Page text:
By Boris Akunin, based on William Shakespeare’s Hamlet; Directed by Irina Gachechiladze
Produced by Red Lab Productions and Roust Theatre Company
Off Off Broadway, Play
Runs through 5.7.17
The Theatre at St. Clement’s, 423 West 46th Street
by Asya Danilova on 4.27.17
Khris Lewin and Joy Hermalyn in Hamlet, A Version. Photo by Jeremy Daniel.
BOTTOM LINE: Shakespeare’s Hamlet, made into a detective story, investigates international political intrigues and flirts with the dichotomy between fiction and reality.
Shakespeare’s Hamlet, dramatized as a murder mystery by the famous Russian dissident writer Boris Akunin, is not about the prince of Denmark at all. As played by Matt Weiss, Hamlet is a clumsy, down-to-earth creature, spending half of his time drinking and the other half hungover. Although the play is named after him, Hamlet is not at the center of this adaptation, but a mere puppet in the hands of political schemers.
Playwright Akunin, mostly known for his series of detective novels set in nineteenth-century Russia, investigates Hamlet like a homicide case and presents his speculation in Hamlet. A Version. Keeping the pivotal points of the classical text largely intact, Akunin shifts the focus to Horatio, Hamlet’s friend. A self-proclaimed "explorer of human nature," Horatio (portrayed by Khris Lewin) is a quick-minded and competent young man, standing out in the Danish court with his modern clothes and significantly less stylized speech. Perhaps the production overpromises a bit by presenting Horatio as a bird entirely different from the flock, but to say more would spoil the plot.
As the audience is still chatting and leafing through their programs, the actors, only half costumed, casually appear on stage one by one. They warm up and interact quietly as they pull out shirts and skirts from the pile of clothes in the middle of the stage and put them on, slowly transitioning into character and adding one more layer to this nesting doll of a play. Heather Klar's monochrome yet detailed Elizabethan costumes are comforting to the eye...that is, until Horatio appears. His black leather trench coat, lined with scarlet silk, and military boots are just a few elements short of a Nazi uniform. Hamlet addresses the fact that his friend is dressed in a foreign fashion but nobody seems to be too suspicious.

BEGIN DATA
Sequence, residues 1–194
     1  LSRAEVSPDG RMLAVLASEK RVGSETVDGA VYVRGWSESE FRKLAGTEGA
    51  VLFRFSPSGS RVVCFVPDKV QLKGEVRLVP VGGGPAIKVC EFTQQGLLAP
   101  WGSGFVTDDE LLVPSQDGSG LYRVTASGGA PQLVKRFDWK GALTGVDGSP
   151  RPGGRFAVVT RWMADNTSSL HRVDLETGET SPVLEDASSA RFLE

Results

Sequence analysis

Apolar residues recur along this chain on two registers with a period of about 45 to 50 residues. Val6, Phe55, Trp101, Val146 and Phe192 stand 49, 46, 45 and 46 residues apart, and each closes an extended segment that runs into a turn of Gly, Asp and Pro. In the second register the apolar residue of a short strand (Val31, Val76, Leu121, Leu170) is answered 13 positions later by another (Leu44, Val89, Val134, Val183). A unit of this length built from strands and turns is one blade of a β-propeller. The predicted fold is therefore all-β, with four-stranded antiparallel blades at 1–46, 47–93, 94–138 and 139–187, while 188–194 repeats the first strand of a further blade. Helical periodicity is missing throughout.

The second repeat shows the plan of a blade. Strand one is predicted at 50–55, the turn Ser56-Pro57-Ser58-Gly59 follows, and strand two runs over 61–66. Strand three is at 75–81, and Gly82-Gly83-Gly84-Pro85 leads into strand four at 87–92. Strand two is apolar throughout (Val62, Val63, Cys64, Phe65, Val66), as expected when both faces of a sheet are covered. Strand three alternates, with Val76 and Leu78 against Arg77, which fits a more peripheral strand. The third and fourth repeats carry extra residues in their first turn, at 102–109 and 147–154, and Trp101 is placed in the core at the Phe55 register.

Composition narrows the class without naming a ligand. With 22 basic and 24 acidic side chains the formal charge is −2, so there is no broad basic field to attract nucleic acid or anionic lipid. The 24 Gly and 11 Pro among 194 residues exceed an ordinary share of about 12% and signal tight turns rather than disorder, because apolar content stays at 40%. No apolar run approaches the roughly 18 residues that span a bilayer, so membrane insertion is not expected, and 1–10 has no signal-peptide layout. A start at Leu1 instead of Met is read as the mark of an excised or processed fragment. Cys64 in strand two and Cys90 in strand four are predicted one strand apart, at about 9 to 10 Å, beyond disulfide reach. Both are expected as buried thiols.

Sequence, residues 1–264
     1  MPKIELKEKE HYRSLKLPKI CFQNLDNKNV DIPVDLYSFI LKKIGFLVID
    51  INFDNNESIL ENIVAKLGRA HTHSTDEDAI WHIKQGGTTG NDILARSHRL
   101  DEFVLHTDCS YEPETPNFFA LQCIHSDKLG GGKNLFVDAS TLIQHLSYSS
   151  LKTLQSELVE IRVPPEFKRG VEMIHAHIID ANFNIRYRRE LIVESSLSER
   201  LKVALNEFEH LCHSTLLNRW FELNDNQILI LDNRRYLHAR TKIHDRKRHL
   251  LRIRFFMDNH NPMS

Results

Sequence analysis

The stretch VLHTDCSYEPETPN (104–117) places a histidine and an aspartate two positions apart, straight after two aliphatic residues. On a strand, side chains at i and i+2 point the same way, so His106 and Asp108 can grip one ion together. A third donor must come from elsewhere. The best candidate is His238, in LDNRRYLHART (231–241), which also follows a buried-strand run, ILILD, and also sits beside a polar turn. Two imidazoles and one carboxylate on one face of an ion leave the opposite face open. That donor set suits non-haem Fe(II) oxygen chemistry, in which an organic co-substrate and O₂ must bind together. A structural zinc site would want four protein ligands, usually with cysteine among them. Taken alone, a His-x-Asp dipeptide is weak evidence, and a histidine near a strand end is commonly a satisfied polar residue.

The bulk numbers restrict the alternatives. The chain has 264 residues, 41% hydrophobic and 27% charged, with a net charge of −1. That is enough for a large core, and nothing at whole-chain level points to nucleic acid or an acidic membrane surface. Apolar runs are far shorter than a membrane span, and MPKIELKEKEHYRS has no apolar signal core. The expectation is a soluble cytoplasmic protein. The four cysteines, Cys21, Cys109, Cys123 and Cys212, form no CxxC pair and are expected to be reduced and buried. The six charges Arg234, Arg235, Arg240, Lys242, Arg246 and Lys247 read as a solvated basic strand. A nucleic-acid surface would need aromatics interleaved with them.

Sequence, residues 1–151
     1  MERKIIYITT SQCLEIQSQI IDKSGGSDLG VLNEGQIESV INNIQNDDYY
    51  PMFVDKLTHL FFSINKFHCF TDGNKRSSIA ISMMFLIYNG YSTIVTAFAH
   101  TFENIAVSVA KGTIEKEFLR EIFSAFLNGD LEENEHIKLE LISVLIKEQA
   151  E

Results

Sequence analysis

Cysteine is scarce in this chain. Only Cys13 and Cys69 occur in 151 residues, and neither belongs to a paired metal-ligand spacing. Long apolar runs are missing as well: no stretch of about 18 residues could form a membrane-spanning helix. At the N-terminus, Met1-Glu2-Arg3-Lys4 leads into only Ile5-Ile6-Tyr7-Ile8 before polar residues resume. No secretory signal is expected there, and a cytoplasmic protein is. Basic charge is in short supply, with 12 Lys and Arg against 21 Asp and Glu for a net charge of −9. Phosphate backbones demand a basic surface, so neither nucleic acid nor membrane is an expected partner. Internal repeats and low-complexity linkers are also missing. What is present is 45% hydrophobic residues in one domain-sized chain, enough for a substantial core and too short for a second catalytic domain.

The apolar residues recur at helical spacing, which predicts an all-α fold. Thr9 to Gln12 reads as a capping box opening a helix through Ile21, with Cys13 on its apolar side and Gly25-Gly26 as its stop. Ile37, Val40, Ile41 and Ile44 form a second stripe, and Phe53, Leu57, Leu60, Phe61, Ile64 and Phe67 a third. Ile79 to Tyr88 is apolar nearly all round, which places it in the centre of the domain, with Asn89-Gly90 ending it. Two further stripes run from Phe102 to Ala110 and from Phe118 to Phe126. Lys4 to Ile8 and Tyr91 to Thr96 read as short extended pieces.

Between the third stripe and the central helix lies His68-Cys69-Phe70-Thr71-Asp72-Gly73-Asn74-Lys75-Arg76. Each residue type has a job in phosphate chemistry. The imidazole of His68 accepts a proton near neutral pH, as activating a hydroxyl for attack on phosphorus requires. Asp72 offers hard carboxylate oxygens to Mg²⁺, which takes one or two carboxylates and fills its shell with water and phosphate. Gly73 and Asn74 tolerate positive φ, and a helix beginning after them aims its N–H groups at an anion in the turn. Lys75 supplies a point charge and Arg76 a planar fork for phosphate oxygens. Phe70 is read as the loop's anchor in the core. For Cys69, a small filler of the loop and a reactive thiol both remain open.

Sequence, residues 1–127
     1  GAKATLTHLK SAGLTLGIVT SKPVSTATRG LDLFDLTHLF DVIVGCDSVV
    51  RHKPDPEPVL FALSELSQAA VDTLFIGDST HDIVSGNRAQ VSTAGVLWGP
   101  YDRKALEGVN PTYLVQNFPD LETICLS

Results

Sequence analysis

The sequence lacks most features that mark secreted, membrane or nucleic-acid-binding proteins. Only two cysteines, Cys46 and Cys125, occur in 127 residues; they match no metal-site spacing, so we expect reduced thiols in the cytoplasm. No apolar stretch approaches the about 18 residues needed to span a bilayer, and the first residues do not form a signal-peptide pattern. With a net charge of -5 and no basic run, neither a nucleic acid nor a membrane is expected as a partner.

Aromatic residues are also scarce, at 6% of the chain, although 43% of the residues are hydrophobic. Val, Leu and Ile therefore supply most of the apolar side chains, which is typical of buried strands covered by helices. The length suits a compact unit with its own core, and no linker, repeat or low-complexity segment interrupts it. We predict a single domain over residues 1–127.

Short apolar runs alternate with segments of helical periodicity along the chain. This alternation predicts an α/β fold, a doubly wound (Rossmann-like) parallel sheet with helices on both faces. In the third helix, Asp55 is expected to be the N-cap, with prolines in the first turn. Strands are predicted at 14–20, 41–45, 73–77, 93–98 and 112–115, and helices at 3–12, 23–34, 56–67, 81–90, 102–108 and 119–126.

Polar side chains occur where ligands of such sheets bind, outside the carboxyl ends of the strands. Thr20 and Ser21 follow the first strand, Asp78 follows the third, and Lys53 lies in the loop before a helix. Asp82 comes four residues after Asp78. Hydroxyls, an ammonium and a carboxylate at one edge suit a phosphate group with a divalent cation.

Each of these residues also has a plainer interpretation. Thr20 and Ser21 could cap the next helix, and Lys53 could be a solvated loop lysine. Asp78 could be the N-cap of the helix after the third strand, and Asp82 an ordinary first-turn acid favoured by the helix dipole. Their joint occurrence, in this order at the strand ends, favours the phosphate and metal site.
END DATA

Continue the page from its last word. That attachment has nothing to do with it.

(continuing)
Speaking of trench coats, Morpheus from The Matrix comes to mind during this production due to the amount of computer graphics it employs. In Michael Ivanishvili's projection design, CG castle walls are blooming with flowers, or bursting with the chaotic movement of giant bugs. The ghost of Hamlet’s father is also a projection that causes the entire picture to glitch. Unfortunately in Hamlet. A Version, the design takes one step beyond the text, making a big reveal in the end rather disappointing. Throughout the show, a cast of nine fine actors seem unsure of what they are doing, lost between the flat presentation of Shakespeare, infusion of political plotting by Akunin, and the bold design, which tricks you into thinking that things are more complicated than they are.
As a theatrical event, Hamlet. A Version, is an undercooked dish. But the ambitious and fresh interpretation of the classics, slick minimalistic design and potent cast make for good ingredients and hold the show afloat. Much like in an action blockbuster, some inconsistencies are left unresolved, leaving the audience wanting more answers.
(Hamlet. A Version plays at the Theatre at St. Clement’s, 423 West 46th Street, through May 7, 2017. The running time is one hour and forty minutes with no intermission. Performances are Monday-Thursday at 8 and Sunday at 3. Tickets are $18 and are available at akuninhamlet.com.)
Hamlet. A Version is by Boris Akunin. Directed by Irina Gachechiladze. Music Composed by Giya Kancheli. Translation by Ileana Alexandra Orlich. Costume Design is by Heather Klar. Sound & Projections by Sam Kusnetz. Projection Design is by Michael Ivanishvili. Lighting Design is by Isabella Byrd. Set Design is by Cate McCrea.
The cast is Claire Brownell, James Phillip Gates, Michael Sweeney Hammond, Joy Hermalyn, Khris Lewin, Michael Propster, Allan I. Ross, Owen Scott, and Matt Weiss.